Most applications of the invention will requirexsliielding of the detector from visible light, which would otherwise traverse the glass scintillator and directly activate the photo-cathode, by 'a member 15 essentially transparcut to the penetrating radiation and opaque in the spectrum range to which the cathode is photoelectrically sensitive.
Obviously many modifications and variations of'the present invention are possible in the light of the above teachings. It is therefore to be understood, that within the scope of the appended claims, the invention may be practiced otherwise than as specifically described.
5 What is claimed is:
1. A radiation detector comprising a scintillant glass element operative under penetrating radiation to scintillate substantially in the visible spectrum region and electrically responsive photosensitive means positioned to receive the secondary radiation.
2. A radiation detector comprising a scintillant glass element operative under penetrating radiation to scintillate substantially in the visible spectrum region, electrical- 1y responsive photosensitive means positioned to receive the secondary radiation and pulse responsive circuit means fed by the photosensitive means.
3. A radiation detector as defined in claim 3, wherein the scintillant is glass in which almost all components but the silica have been leached.
4. A radiation detector as defined in claim 3, wherein the scintillant is a glass having an effective average atomic number of the same order as air.
5. A radiation detector comprising a scintillant glass element operative under penetrating radiation to generate secondary radiation, photoelectrically responsive cathode means positioned to receive the secondary radiation from said glass scintillator element, and electron multiplier means positioned "to receive emission from the cathode means.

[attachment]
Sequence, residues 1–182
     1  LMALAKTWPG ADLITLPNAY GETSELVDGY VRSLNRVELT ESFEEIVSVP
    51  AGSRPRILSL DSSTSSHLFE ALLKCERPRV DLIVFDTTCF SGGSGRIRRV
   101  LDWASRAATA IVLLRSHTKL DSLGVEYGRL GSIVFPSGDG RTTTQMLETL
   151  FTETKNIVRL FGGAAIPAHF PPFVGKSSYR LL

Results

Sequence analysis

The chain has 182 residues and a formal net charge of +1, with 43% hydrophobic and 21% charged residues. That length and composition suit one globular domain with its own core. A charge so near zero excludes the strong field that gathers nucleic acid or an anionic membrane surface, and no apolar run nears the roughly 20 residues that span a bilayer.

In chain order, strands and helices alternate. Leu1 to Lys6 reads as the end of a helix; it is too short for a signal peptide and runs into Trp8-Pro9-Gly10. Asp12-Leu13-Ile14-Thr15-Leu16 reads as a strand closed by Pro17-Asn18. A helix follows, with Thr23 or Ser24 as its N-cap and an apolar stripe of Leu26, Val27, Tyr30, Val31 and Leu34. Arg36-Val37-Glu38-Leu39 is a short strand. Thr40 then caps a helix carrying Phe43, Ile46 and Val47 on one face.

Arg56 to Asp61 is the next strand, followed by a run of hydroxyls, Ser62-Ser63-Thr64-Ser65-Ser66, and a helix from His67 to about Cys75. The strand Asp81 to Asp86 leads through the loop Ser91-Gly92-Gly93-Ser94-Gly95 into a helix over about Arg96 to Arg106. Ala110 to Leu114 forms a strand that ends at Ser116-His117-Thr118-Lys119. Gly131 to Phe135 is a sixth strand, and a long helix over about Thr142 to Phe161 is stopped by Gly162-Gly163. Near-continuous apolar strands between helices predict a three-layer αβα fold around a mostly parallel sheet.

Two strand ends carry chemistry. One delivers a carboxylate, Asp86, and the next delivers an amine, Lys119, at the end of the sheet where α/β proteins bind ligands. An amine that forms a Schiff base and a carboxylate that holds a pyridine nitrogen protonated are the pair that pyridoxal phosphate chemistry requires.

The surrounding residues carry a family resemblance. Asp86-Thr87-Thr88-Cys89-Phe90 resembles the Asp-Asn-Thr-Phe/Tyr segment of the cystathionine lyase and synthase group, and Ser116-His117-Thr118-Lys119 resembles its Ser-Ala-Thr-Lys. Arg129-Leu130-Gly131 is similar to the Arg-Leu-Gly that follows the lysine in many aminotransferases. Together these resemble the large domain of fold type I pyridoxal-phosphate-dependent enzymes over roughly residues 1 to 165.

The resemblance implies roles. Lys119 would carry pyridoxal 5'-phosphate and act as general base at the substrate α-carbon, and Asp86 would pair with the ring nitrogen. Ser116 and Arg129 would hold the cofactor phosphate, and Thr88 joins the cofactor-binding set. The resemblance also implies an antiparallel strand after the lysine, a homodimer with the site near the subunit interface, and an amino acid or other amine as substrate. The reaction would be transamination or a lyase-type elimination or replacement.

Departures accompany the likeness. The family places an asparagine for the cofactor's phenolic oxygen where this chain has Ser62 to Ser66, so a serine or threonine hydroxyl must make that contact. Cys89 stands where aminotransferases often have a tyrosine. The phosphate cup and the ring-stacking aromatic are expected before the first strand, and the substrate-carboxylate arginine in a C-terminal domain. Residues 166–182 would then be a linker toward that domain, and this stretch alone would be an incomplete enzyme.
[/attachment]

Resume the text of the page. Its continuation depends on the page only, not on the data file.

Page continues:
6. A radiation detector comprising a scintillant glass element operative under penetrating radiation to generate secondary radiation, photoelectrically responsive means positioned to receive the secondary radiation from said glass scintillator element, electron multiplier means positioned to receive emission from the cathode means and electrically pulse responsive means fed by said electron multiplier.
7. A radiation detector as claimed in claim 6, wherein said scintillant element forms the window of an envelope for said photoelectrically responsive means.
8. A radiation detector as claimed in claim 6, wherein said scintillant element is positioned within the envelope for said photoelectrically responsive means.
9. A radiation detector as claimed in claim 8, wherein said scintillant element is positioned between the window of said envelope and the photoelectrically responsive means.
References Cited in the file of this patent UNITED STATES PATENTS Hood et al. Mar. 30, 1943 Sheldon Oct. 17, 1950 Pringle et al Aug. 10, 1954 Hushley Sept. 14, 1954 OTHER REFERENCES Patent No 2,821, 633
January 28,-, 1958 Herbert Fr iedman i b is l'jiei p'by cf'bif-ied that error appears in the printed Specification of the above iiumbere patent requiring correction and that the said Letters Patent should read as corrected below.
Column 4, lines 1'? and. 20, for the claim referenco numeral 3", each occurrence ,1 read w 2 lines 38 and 41, for claim refor encs numeral "6", each occurrence, read w 5 Signed. and sealed this-3 5121 6125 of August 1958'.
KARL KLINE ROBERT C. WATSON Attesting Oflicei' Commissioner of Patents
|Cited Patent||Filing date||Publication date||Applicant||Title|
|US2315328 *||4 Nov 1938||30 Mar 1943||Corning Glass Works||High silica glass article|
|US2525832 *||20 Feb 1946||17 Oct 1950||Emanuel Sheldon Edward||Tube with composite photocathode for conversion and intensification of x-ray images|
|US2686266 *||12 Jan 1950||10 Aug 1954||Brownell George M||Improvement in radiation detectors|
|US2689188 *||12 Dec 1950||14 Sep 1954||Westinghouse Electric Corp||Fluorescent screen of a phosphor in glass and method for producing same|
|Citing Patent||Filing date||Publication date||Applicant||Title|
|US2954473 *||9 May 1957||27 Sep 1960||Gordon Clifford M||Cerenkov radiation fission product detector|
|US3032659 *||4 Sep 1958||1 May 1962||Corning Glass Works||Scintillator|
|US3138709 *||19 Mar 1956||23 Jun 1964||Hycon Mfg Company||Gamma ray scintillation detectors with light conducting rods for reactor hot spots|
|US3243626 *||17 Jul 1962||29 Mar 1966||Rca Corp||Photosensitive cathode with closely adjacent light-diffusing layer|
|US3335613 *||25 Jan 1961||15 Aug 1967||Schlumberger Ltd||Force measuring systems using resonant absorption|
|US3515872 *||29 Apr 1968||2 Jun 1970||Philips Corp||Photomultiplier with inwardly convex photocathode for low-level scintillation counting|
|US4893015 *||1 Apr 1987||9 Jan 1990||American Science And Engineering, Inc.||Dual mode radiographic measurement method and device|
|U.S. Classification||250/369, 313/527, 250/361.00R, 313/534, 250/361.00C|
|International Classification||G01T1/202, G01T1/00|